Just want to add that i "do not" use CryptoHeaven as 95% of my email correspondence is done through a mobile device which CH doesn't support. However, they are working on both an IOS and Android App and until that is released and working properly, i am open minded to other solutions like CH which also work on mobile.
     
  17. Countermail

    Countermail Registered Member

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    What's relevant for me and most people who ask about email encryption, is what is secure and future-proof? Even if a beginner want to start learning email security, I think it's better to spend those learning hours on the most accepted protocol.

    By using a standard protocol like OpenPGP, you will get more apps, easier to find help and much better chance to communicate securely with security-minded people or companies, this fact is not irrelevant.

    With OpenPGP you don't have to wait for a special app for your own platform, there already exist OpenPGP-apps for:
    -Linux
    -MacOS
    -Windows
    -Windows Mobile
    -iPhone (iOS)
    -Android
    -BlackBerry

    That's a working OpenPGP solution, but it's also the most complicated. A web based OpenPGP solution is much easier, especially for beginners. Hushmail realized this 14 years ago, when they started their OpenPGP-based webmail.
     
  18. hagridor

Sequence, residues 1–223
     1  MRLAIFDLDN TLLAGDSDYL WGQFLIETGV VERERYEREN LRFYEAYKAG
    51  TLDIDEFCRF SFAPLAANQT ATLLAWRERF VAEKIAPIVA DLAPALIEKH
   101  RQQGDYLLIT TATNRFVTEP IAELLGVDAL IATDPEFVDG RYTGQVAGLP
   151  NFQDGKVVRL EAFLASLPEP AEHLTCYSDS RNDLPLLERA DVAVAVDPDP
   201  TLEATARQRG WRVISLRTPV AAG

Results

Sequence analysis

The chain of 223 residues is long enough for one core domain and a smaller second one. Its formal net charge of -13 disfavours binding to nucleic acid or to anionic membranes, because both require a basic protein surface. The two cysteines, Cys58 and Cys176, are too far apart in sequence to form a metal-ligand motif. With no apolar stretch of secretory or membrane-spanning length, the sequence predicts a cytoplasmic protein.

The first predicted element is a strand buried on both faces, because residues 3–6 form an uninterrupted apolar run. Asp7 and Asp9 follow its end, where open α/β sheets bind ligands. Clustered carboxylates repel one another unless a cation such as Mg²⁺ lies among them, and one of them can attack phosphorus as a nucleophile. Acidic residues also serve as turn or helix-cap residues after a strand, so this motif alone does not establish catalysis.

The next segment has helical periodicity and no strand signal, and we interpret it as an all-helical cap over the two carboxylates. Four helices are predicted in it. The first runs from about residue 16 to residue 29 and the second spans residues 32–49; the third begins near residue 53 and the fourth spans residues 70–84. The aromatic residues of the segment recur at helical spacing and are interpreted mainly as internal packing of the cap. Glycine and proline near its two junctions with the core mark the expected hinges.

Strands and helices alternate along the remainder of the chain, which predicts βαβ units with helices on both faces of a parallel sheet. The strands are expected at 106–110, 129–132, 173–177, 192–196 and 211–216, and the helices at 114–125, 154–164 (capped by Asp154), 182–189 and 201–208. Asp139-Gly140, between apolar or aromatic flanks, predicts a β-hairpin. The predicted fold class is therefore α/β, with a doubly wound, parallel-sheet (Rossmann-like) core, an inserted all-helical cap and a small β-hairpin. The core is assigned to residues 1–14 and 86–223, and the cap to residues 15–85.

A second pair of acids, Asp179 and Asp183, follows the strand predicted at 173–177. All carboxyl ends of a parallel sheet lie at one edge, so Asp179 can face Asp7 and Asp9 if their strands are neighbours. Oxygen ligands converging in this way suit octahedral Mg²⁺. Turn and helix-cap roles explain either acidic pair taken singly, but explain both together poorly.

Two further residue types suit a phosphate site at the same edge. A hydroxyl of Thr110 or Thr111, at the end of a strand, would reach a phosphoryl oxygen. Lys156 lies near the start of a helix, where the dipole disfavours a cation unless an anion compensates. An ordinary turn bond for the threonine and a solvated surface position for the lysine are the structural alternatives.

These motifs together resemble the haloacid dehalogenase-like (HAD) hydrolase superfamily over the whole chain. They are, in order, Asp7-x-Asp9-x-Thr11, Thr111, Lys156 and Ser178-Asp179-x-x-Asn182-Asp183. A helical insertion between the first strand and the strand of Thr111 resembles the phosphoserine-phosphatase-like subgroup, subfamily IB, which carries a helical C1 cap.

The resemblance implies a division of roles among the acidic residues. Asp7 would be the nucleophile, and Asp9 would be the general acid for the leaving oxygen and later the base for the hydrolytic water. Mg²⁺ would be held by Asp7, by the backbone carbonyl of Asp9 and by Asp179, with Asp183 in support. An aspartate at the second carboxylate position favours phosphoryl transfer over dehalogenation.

hagridor Registered Member

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    "Just want to add that i "do not" use CryptoHeaven as 95% of my email correspondence is done through a mobile device which CH doesn't support. However, they are working on both an IOS and Android App and until that is released and working properly, i am open minded to other solutions like CH which also work on mobile."

    Cryptoheaven now has a mobile application (Android) :
    http://www.cryptoheaven.com/Download/Download.htm
     
  19. tobacco

    tobacco Frequent Poster

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    Hello

    Yes - been testing since initial private beta release and am impressed with the speed and how fluid this app is. Still not close enough to the desktop version (feature wise) though for my taste but is still "very usable".

    However, i am only interested in the mobile app and so far they have flatly refused my recommendation to offer it "also" as a "standalone" (less space/less price) instead of their current marketing strategy "companion to the desktop version".

    Currently Supports:

    Secure Email

    Secure Messaging (works great BTW)

    No file access/sharing though - you can't even see your secure files from the app and would want that in the app before i decide whether to cave in and purchase or not.
     
  20. JackmanG

    JackmanG Former Poster